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Last updateWed, 27 Dec 2017 12am

Colonial Beach Council mulls zoning rules

Colonial Beach Council mulls zoning rules

Despite a plea from Planning Commission Chair Robin Schick, the Colonial Beach Town Council will hol...

Dog Day of August offers fun for pooches

Dog Day of August offers fun for pooches

Come out and join other dog lovers on Aug. 8 for a doggone good time. You and your K-9 companion can...

Downtown Colonial Beach Steering Committee seeks non-profit status

Downtown Colonial Beach Steering Committee seeks non-profit status

The Downtown Colonial Beach Steering Committee is now operating with a board of directors, complete ...

Would merging Westmoreland, Colonial Beach schools solve tax issue?

For Colonial Beach taxpayers concerned about a new tax increase, caused by a $400,000 shortfall in t...

Colonial Beach residents develop green thumb community garden

Colonial Beach residents develop green thumb community garden

If you’re interested in growing your own fresh vegetables, it’s not too late to rent a p...

Infrastructure projects moving forward in Colonial Beach

Colonial Beach has, and continues to, undergo continuous infrastructural work right below residents ...

 

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Colonial Beach Town Council gets it done

Council made quick work of it’s long agenda last Thursday, March 8, holding several public hearings and passing ordinances to amend the school’s budget, dispose of the last four properties on Lawrence Lane, amend article 6 R-1 and R-2 of the Zoning Ordinance, lease the building at 108 Taylor Street on the boardwalk, authorize funding for the Jet Ski races in July and approve the contract between the Chamber of Commerce and the Upstate Watercraft Promotions, as well as pass Tourism Committee by-laws.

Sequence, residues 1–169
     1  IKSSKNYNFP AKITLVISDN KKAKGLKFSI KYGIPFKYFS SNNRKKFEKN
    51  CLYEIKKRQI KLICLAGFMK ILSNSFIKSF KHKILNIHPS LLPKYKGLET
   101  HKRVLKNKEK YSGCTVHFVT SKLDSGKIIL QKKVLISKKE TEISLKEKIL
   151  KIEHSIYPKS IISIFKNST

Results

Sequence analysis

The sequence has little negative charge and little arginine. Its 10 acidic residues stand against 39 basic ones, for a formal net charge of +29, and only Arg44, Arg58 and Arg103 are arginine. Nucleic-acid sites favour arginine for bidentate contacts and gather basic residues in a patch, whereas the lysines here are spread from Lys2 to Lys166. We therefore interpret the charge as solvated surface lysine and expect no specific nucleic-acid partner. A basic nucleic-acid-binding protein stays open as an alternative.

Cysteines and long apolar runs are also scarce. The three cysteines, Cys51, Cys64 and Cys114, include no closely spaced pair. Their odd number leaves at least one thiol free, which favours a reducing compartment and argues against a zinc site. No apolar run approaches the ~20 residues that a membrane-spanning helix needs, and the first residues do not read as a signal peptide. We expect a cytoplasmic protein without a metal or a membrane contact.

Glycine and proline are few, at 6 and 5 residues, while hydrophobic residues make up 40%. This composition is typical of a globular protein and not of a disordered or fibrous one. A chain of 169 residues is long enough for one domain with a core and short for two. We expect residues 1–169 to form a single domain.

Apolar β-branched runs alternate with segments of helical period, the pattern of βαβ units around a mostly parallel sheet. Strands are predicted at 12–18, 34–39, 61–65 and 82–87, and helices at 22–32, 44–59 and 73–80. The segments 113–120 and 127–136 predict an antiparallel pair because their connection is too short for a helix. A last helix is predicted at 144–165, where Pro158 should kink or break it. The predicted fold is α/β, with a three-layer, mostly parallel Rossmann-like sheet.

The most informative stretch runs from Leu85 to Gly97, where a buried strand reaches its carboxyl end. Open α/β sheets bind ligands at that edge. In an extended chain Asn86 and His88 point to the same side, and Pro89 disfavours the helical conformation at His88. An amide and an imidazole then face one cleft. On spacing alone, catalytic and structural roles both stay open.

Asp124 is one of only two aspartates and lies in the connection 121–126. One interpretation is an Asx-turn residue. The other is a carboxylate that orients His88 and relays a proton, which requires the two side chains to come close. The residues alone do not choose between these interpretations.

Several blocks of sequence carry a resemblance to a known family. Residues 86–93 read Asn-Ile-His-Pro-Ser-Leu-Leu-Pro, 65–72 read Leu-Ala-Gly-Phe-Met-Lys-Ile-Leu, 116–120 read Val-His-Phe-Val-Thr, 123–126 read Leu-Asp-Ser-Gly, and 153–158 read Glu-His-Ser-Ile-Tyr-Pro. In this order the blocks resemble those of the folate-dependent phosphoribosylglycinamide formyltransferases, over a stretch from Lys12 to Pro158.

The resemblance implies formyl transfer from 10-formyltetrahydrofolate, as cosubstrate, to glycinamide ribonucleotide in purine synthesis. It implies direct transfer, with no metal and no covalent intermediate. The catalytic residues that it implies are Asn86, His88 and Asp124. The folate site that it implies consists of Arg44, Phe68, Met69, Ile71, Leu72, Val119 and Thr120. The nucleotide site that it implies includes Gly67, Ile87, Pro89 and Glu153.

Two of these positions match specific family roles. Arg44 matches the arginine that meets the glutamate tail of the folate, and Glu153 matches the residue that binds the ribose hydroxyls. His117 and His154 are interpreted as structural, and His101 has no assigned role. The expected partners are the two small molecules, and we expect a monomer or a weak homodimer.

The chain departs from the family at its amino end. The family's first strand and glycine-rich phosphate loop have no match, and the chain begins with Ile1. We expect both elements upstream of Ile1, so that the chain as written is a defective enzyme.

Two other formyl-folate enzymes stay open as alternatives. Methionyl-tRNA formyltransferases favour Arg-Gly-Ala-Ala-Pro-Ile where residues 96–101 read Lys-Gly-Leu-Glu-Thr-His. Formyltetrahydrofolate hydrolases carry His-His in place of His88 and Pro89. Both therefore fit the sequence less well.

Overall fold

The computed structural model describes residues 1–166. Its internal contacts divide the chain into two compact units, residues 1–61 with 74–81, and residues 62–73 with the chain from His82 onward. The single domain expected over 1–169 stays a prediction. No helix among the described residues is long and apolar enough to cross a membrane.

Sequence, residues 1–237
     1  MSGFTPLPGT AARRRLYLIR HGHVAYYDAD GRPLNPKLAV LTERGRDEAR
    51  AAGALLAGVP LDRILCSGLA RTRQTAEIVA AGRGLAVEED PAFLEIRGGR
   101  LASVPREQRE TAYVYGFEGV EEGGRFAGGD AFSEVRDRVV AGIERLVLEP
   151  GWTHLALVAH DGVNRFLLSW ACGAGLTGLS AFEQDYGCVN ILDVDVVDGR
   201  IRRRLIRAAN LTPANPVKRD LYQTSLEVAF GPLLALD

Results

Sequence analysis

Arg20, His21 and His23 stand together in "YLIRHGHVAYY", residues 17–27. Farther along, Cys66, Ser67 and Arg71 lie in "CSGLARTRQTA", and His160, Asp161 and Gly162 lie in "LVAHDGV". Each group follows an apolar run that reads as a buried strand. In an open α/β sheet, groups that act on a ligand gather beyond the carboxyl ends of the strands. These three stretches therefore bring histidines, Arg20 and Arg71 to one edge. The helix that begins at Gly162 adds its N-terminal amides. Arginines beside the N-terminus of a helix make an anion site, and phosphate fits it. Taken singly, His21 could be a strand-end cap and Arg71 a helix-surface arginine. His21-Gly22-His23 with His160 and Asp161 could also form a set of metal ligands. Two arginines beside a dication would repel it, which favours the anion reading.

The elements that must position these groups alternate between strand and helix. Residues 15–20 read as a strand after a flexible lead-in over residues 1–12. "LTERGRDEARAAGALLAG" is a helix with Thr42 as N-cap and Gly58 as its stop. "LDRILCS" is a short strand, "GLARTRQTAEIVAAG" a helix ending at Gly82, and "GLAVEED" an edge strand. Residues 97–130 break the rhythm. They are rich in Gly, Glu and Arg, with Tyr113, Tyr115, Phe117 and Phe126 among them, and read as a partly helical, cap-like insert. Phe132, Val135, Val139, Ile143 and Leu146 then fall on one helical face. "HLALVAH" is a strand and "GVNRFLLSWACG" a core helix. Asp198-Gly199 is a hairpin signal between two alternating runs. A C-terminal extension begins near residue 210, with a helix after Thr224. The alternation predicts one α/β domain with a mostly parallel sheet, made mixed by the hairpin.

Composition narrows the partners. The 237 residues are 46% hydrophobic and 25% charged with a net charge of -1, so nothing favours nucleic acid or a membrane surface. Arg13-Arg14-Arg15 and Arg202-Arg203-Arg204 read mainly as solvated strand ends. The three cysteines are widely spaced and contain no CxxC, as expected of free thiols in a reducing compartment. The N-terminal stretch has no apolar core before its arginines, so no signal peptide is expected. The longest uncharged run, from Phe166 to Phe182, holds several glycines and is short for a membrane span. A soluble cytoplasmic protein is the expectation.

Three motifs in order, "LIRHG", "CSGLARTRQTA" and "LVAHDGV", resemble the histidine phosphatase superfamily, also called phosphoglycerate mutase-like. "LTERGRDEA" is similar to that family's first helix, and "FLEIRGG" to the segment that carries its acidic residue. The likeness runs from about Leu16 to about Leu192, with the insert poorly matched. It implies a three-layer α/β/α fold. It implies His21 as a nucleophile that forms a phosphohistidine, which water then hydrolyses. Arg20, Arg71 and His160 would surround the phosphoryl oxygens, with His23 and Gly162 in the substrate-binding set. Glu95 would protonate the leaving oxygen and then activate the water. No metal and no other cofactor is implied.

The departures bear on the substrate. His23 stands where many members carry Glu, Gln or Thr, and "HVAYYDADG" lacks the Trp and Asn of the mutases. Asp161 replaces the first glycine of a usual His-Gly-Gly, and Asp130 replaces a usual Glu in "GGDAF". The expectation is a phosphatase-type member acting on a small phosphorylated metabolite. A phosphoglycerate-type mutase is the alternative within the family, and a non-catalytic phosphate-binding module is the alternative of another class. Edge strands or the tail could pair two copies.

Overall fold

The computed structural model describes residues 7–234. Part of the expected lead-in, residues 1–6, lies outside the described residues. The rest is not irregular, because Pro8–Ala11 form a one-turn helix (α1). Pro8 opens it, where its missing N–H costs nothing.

School Budget amendment.  
While adopting a resolution to amend the 2011-12 school budget increasing it by $282,380 in response to the school being awarded two federal awards for the high school improvement program and the mentoring program, the council seemed to have

some confusion on other money promised to the school system.

Last year the school system asked for an additional $150,000. The council awarded $75,000 and passed a resolution to fund the other half provided the town’s audit showed an excess.

During the meeting Rummage stated that he believed the resolution stated the town would grant “up to” $75,000. Rummage said the excess was short of what it was anticipated and therefore the school should only be granted an extra $32,000.